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Microsoft Testing Ads in File Explorer as Part of Preview Builds of Windows 11

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Microsoft, famous for bad marketing moves, is looking to make another one. In this case the mistake has not hit the general public but is in a preview build of Windows 11. The mistake is shoveling ads to people for other Microsoft products as part of the Windows File Explorer. To say that this move caused some concern with testers is a bit of an understatement. Some even called it “one of the worst places to show ads”

Microsoft, famous for bad marketing moves, is looking to make another one. In this case the mistake has not hit the general public but is in a preview build of Windows 11. The mistake is shoveling ads to people for other Microsoft products as part of the Windows File Explorer. To say that this move caused some concern with testers is a bit of an understatement. Some even called it “one of the worst places tPushing ads directly inside of an operating system is foolish on many levels. It is an open path for code execution inside of the operating system that could (if set up wrong) bypass sandbox protections that exist in the browser (where compromised ad servers can be used as part of an attack). The other side of this is that people do not want ads shoved at them by anyone. Even the reminder to use Edge when accessing Microsoft websites is annoying, seeing those inside the operating system would be even more so.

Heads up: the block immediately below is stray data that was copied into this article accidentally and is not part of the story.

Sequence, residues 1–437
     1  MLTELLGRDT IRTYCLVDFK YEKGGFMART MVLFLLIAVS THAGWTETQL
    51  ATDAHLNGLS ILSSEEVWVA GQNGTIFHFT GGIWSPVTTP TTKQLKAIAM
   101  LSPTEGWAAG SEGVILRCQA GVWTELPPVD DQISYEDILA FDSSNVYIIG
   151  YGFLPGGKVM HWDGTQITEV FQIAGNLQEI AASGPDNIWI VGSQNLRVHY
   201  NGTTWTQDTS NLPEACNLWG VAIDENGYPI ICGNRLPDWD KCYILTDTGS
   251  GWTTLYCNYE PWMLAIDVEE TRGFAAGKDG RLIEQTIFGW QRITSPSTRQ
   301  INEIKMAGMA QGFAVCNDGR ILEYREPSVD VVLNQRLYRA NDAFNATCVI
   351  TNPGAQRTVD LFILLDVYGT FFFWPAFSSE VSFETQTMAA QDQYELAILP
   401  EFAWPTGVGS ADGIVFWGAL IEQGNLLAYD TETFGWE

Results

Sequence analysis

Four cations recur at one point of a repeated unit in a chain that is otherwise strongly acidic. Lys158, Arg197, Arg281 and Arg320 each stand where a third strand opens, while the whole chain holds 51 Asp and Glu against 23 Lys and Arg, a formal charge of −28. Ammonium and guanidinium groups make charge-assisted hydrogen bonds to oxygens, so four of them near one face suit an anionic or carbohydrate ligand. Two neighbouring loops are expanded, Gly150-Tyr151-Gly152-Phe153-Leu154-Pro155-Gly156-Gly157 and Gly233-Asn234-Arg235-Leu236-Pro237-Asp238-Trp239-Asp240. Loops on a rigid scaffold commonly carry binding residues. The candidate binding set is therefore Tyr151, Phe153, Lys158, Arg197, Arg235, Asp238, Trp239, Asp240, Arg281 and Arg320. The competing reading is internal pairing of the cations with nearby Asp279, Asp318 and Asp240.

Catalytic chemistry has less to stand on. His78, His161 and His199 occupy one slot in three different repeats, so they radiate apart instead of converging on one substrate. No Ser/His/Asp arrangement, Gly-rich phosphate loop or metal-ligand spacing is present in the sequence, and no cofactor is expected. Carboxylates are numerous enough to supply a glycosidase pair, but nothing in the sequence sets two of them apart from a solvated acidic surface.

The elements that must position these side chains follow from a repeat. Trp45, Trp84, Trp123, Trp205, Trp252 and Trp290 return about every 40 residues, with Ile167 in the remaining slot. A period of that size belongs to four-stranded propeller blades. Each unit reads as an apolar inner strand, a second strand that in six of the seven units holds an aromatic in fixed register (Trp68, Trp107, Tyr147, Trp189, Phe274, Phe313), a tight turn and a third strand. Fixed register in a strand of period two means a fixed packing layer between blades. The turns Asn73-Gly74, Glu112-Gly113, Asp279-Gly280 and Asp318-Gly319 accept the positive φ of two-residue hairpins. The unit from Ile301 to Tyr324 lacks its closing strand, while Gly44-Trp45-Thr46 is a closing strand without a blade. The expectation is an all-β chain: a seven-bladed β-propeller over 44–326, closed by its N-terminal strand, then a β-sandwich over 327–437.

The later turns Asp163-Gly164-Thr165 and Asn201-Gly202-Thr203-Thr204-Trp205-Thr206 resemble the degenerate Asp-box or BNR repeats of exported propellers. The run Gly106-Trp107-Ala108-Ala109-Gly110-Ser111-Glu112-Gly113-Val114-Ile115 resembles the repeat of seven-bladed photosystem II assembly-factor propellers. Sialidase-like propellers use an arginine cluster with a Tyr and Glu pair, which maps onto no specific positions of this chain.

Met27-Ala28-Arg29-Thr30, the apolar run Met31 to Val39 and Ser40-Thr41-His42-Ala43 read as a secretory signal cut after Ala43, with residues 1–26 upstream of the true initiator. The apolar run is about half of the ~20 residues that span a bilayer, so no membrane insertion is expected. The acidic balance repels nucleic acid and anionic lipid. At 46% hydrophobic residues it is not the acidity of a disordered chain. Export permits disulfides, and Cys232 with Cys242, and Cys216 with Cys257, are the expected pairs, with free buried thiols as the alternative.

This is not the first time and probably won’t be the last time that Microsoft has tried this move. In the past they pushed a reminder about Microsoft Edge every time you used the Windows Search to look for a different browser. They also tried a few “start menu” ads pushing Teams and other applications (even breaking the start menu at one point).

Poor marketing choices from Microsoft aside, the inclusion of hooks in the core OS that can display arbitrary code is just a bad idea. Microsoft has made a few good strides towards making Windows and even Edge more secure and now are on the brink of taking a big step back. It is also the type of behavior that will push people away from Microsoft products. I would think that this is the exact opposite of the purpose of marketing (well Microsoft marketing anyway).

We can only hope that the current backlash from people in the insider program will be enough to kill this new “feature” before it hits production. History has mixed results as we have seen some bad ideas not make it out to the real world and others (like Metro/Modern UI) still hit the market despite a ton of bad feedback from insiders and testers.

The ball is in your court Microsoft, make the right choice here.
o show ads”

Sean Kalinich

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